Royal Caribbean: Alaska was good this year

Record numbers for parent of Royal Caribbean, Celebrity cruise lines
Cruise ship line Juneau downtown harbor in July.

Royal Caribbean Cruises Thursday announced strong results for the summer cruise season, including a new record for its Alaska operations.


The Miami-based company is the second largest cruise line operating in Alaska, and includes ships under its own name and as well as Celebrity Cruises.

It is the first company to report results for the entire summer cruise season, which ended in September. The news overall was good, but was stellar out of Alaska, the company said.

The number of trips the company’s ships make to Alaska is set two years in advance and the ships always travel full, but this year berths didn’t have to be discounted to fill the ships.

That meant Royal Caribbean’s net revenue yield, a measure of profitability per passenger after subtracting some associated costs, rose markedly.

Net yields are one of the key measures used in the cruise industry.

“Our yields in Alaska this year were the highest in our history,” said Brian Rice, Royal Caribbean’s chief financial officer, in a teleconference with industry analysts after the earnings were released Thursday.

The company doesn’t release Alaska-specific numbers, but it said overall its revenues rose to $2.3 billion for the quarter ended Sept. 30, compared to $2 billion for the same quarter the previous year.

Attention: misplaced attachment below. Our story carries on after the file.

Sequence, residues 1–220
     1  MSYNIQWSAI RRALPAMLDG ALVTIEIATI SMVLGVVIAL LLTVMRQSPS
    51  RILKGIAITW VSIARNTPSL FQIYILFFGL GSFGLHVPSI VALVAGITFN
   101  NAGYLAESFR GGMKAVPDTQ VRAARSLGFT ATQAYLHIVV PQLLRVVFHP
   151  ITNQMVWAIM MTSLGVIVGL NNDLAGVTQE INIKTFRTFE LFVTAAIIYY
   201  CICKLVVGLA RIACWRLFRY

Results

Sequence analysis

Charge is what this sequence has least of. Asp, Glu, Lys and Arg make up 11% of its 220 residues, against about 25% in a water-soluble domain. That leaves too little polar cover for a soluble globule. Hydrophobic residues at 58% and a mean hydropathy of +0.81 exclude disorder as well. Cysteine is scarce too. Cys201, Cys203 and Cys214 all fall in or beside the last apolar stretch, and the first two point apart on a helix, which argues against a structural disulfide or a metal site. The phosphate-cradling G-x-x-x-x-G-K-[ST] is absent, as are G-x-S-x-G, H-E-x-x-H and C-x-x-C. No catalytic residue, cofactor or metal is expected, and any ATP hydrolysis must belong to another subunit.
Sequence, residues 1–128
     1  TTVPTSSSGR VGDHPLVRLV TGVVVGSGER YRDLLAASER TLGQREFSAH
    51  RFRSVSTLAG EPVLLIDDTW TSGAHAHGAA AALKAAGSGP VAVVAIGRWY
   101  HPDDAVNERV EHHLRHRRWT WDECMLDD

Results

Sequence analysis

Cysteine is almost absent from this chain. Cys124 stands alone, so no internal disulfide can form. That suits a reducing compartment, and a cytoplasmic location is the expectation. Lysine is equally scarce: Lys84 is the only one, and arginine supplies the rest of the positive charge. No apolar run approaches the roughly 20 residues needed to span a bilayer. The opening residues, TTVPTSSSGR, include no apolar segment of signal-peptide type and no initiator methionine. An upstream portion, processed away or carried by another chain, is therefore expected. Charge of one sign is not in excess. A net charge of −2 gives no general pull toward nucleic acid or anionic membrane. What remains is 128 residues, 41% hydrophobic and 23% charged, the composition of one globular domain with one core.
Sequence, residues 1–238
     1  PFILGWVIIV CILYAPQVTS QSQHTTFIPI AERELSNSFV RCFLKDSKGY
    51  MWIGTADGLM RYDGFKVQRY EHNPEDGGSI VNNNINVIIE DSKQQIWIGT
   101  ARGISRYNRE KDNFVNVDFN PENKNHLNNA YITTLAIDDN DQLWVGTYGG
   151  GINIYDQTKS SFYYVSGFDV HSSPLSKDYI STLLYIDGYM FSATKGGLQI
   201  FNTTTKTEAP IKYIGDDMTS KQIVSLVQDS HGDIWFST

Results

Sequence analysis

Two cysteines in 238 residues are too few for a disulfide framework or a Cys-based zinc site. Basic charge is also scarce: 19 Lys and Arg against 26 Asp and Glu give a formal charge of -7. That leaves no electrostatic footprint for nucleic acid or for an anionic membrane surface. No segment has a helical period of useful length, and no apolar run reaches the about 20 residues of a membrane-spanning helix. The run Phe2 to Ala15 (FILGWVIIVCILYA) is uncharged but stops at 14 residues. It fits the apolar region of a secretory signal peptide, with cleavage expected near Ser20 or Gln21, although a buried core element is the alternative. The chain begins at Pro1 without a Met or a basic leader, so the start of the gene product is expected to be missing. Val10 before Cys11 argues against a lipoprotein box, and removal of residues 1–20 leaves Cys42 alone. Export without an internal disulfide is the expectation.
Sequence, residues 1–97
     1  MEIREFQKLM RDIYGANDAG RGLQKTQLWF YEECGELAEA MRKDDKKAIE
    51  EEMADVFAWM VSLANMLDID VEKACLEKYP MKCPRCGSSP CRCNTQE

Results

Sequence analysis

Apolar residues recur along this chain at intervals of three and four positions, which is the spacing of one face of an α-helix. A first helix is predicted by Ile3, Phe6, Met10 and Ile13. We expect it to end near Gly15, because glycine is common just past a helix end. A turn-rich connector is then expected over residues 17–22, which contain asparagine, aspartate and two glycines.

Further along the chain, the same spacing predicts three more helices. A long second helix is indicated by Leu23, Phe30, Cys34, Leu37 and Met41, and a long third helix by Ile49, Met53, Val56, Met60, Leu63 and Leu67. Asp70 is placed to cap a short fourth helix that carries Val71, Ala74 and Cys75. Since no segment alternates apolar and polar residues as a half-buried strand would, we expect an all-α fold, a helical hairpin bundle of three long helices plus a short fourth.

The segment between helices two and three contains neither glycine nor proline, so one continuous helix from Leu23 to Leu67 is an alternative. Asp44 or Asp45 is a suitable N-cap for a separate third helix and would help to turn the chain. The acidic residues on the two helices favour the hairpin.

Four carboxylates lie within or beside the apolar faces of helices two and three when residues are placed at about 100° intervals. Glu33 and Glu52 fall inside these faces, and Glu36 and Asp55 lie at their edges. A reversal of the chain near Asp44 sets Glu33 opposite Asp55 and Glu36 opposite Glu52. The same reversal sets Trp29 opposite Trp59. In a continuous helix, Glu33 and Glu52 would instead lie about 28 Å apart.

Royal Caribbean’s profit rose to about $400 million for the quarter, up from $350 million in the same quarter in 2010.

While Alaska was among the places doing well, the company struggled in less stable areas.

“Itineraries in places like the Caribbean and Alaska performed better than expected and these improvements even offset areas that were hurt by the bad economy and other political turmoil,” said Richard Fain, Royal Caribbean’s Chairman and CEO.

The yields in Alaska and the Caribbean each increased by more than 15 percent, he said.

Various problems in the Mediterranean Sea countries where there has been revolt and financial instability resulted in reduced sailings and diminished profits, the company said.

Some of that European dislocation seems to have benefited Alaska, the company said.

In North America, Royal Caribbean also saw increased spending by passengers in its “onboard and other” category, things such as alcohol purchased on the ship and tours booked through the ship. The company said that while its North American guests were spending more, Europeans were spending less.

During the recently ended recession, that extra spending shrank considerably as people still traveled but closely watched their expenses.

“Onboard and other” is a key measure watched by some in Juneau, where much of the economy is based on passengers being willing to spend extra on local tours and attractions.

The company also said it expected this year’s strong results to continue next year in Alaska, with one executive saying he had a “good feeling” about 2012, but it was way too early in the booking season to know for sure.

“My sense is that we’ll have another good year in Alaska,” said Daniel Hanrahan, president and CEO of Celebrity Cruises, on the teleconference with the Royal Caribbean executives.

• Contact reporter Pat Forgey at 523-2250 or at


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